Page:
In my experience -vo gl2 is a workaround for this problem.
Oooh. Nice, thanks ... fixed about half of my problem videos ...
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What is the reasoning behind the various output options ? I've been using vo=sgi:textures:softcs and that's worked well on most videos. Is OpenGL always
better if you have that option ? Since SGI does OpenGL in hardware, would you think it should normally be a better choice for us ?
Edit: Okay le, did a little testing. Thanks for the pointer to gl2, I had lazily assumed that once you found settings that worked, they would work across the board. So, for posterity ...
With the nekochan version of Mplayer, there are several output options. You can set defaults in $home/.mplayer/config. I usually watch a video by just dragging the file icon over the mplayer icon. This is a case where the workplace shell would be great - make three or four copies of the mplayer object and change the parameters of each one. Viola (don't call me Shirley), you can easily run different videos with different settings. MaxxDesktop with Porter's SOM would be the best desktop ever for Loonix. Oh well.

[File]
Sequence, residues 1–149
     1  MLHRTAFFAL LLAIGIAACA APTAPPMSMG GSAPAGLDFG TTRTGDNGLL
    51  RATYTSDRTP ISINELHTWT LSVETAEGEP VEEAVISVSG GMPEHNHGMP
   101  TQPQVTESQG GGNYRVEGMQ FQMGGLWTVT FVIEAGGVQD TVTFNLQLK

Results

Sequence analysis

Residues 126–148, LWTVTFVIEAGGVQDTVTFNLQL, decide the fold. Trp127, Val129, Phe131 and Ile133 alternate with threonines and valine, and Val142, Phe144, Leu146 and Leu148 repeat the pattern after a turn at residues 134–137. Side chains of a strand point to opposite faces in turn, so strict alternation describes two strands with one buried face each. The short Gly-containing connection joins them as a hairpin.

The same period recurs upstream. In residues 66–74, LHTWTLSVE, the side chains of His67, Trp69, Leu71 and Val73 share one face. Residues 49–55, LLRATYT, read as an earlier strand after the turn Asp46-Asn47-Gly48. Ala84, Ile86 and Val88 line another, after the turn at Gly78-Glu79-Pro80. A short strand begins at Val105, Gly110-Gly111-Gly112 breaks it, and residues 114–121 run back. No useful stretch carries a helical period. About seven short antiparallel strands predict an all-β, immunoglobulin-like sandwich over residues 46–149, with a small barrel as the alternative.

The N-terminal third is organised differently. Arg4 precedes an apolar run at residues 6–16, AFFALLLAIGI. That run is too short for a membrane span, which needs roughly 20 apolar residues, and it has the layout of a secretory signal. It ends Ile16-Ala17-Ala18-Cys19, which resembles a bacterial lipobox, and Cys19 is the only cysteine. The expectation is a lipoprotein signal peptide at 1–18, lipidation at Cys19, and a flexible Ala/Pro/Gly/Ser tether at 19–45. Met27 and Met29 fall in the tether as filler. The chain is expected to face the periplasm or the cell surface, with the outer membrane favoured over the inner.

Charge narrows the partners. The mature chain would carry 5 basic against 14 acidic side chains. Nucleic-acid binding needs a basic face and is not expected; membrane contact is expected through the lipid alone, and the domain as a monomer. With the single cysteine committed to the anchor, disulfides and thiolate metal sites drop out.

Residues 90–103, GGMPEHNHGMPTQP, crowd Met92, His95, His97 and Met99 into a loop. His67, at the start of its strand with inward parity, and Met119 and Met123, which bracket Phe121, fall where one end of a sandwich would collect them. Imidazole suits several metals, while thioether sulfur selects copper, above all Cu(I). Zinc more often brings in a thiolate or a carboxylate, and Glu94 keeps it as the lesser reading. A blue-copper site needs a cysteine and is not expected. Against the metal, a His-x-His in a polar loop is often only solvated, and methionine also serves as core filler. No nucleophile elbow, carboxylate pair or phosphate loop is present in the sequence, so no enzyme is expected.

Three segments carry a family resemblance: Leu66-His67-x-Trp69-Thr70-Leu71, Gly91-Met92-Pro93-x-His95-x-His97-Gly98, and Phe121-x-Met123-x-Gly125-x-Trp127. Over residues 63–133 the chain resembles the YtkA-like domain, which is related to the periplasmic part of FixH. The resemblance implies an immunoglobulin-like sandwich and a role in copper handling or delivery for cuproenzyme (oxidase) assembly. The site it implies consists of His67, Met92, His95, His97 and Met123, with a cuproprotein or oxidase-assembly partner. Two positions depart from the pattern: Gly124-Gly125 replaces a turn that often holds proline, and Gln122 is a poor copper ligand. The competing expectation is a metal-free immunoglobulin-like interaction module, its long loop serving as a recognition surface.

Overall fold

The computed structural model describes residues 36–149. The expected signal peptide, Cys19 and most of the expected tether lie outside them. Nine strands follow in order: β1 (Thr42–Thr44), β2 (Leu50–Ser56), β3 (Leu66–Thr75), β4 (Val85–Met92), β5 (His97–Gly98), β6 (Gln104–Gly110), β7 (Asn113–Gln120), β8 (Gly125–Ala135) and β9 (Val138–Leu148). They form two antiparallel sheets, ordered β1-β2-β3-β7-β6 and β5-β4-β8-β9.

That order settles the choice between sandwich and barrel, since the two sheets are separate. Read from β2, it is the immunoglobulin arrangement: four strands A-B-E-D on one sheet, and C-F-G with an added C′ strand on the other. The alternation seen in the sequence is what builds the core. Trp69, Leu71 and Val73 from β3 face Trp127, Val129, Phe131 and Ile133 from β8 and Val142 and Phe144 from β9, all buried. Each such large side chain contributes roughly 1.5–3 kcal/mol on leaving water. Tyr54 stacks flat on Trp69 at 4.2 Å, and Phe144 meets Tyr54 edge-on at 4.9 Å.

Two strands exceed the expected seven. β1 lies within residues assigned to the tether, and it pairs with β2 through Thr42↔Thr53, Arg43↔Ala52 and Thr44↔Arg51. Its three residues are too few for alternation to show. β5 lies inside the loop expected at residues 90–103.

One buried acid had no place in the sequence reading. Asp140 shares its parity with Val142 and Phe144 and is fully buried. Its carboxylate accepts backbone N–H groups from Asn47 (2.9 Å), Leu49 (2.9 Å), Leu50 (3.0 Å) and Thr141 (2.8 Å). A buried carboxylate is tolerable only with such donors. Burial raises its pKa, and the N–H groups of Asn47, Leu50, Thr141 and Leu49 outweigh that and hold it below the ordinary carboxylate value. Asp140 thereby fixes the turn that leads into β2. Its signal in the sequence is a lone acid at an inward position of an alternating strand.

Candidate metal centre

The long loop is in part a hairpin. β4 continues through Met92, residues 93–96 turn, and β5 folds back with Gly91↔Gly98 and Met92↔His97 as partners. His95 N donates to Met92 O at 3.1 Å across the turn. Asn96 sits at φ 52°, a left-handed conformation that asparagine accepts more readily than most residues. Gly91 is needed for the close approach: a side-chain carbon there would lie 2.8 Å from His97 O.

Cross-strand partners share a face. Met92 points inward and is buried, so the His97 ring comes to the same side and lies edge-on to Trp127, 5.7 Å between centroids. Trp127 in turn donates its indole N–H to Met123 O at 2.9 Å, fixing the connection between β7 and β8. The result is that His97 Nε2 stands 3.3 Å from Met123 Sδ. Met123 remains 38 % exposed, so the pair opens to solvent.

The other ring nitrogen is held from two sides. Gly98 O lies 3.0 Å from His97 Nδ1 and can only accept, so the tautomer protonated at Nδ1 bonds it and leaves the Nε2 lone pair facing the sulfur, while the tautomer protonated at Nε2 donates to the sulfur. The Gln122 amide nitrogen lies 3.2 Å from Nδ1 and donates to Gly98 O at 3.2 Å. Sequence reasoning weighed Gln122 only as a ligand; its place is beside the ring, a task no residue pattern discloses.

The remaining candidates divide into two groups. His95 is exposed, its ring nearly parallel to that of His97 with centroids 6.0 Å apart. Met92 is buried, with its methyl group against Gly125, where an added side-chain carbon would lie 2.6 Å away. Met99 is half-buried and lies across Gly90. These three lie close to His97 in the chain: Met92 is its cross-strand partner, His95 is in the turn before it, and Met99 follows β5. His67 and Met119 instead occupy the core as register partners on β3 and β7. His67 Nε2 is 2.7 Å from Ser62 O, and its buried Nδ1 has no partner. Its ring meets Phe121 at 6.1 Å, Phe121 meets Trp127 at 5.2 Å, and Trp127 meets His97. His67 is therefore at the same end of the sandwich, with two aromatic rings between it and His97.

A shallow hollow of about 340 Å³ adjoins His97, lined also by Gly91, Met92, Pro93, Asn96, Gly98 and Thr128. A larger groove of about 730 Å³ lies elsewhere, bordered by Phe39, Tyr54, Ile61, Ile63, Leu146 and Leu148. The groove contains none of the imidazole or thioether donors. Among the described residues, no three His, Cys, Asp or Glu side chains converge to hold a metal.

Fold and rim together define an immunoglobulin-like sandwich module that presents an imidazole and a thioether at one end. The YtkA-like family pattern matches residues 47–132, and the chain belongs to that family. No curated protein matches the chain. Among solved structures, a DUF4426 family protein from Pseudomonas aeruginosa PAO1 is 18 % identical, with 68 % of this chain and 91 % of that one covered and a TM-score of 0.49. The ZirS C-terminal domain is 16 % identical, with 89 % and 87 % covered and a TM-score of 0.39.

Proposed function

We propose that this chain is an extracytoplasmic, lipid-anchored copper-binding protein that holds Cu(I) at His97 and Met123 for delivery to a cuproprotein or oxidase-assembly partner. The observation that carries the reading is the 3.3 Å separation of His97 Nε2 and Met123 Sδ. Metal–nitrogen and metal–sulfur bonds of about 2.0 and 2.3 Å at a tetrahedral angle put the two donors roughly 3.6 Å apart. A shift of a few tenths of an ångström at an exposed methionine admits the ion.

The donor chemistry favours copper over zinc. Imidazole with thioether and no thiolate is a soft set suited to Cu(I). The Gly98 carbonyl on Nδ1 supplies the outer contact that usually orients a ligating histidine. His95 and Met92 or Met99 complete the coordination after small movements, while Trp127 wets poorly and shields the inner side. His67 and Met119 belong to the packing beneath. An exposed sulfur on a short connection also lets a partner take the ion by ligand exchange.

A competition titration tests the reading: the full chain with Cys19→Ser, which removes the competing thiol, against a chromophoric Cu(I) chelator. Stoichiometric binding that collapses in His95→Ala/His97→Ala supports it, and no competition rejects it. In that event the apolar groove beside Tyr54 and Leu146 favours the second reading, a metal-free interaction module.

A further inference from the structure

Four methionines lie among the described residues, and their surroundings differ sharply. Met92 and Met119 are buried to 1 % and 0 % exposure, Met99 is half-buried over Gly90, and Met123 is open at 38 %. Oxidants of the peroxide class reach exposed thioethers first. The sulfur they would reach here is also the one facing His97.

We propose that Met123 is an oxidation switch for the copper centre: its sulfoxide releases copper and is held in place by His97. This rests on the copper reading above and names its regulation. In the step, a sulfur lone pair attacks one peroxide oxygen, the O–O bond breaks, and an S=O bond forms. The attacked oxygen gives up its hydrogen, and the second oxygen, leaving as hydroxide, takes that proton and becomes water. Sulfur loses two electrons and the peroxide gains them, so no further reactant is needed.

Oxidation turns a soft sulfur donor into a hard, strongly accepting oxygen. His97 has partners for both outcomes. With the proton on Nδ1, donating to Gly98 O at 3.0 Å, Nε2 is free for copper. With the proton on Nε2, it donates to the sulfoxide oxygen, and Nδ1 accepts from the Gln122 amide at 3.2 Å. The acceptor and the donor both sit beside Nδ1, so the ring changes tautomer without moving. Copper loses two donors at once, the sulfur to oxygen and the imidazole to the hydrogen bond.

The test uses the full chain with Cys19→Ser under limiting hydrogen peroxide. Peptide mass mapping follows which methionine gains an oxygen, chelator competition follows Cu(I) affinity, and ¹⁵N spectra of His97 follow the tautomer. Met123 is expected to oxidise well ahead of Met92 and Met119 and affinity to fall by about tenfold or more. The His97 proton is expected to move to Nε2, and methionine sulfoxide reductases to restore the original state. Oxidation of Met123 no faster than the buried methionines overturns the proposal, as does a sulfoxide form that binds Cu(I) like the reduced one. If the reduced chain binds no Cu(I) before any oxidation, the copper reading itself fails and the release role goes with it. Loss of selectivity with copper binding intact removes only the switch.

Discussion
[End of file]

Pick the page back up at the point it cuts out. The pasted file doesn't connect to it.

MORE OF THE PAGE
Anyhow, I ran the same video through the five or six useful ones : < mplayer -vo help > (turning a video into tiffs was not what I want to do at the moment, but might be worth looking into for screenshots - like when Michael Douglas lost the purse going over the falls, but there it was in the next scene and you want to pick up the frame that you know shows it flying through the air).
vo = sgi is opengl, seems the sharpest and least dropped frames
vo=gl is opengl, I can't see much difference but may as well go with the sgi-optimized version
vo=gl2 is not as sharp but as diegel points out, other output options might solve problems with display of some videos
vo=sdl is not as good, in fact I saw a lot of dropped frames on several videos. But again, it may
work in certain instances. Plus it's good for testing neko_sdl
vo=aa is kind of interesting but not very useful, except for a special effect sometimes. Try it, it's kind of a trip
The lesson, thanks to Mr Diegel, is to not get lazy and assume that your output options are the best for every video. If there are display problems, one of the other choices may solve the problem for that video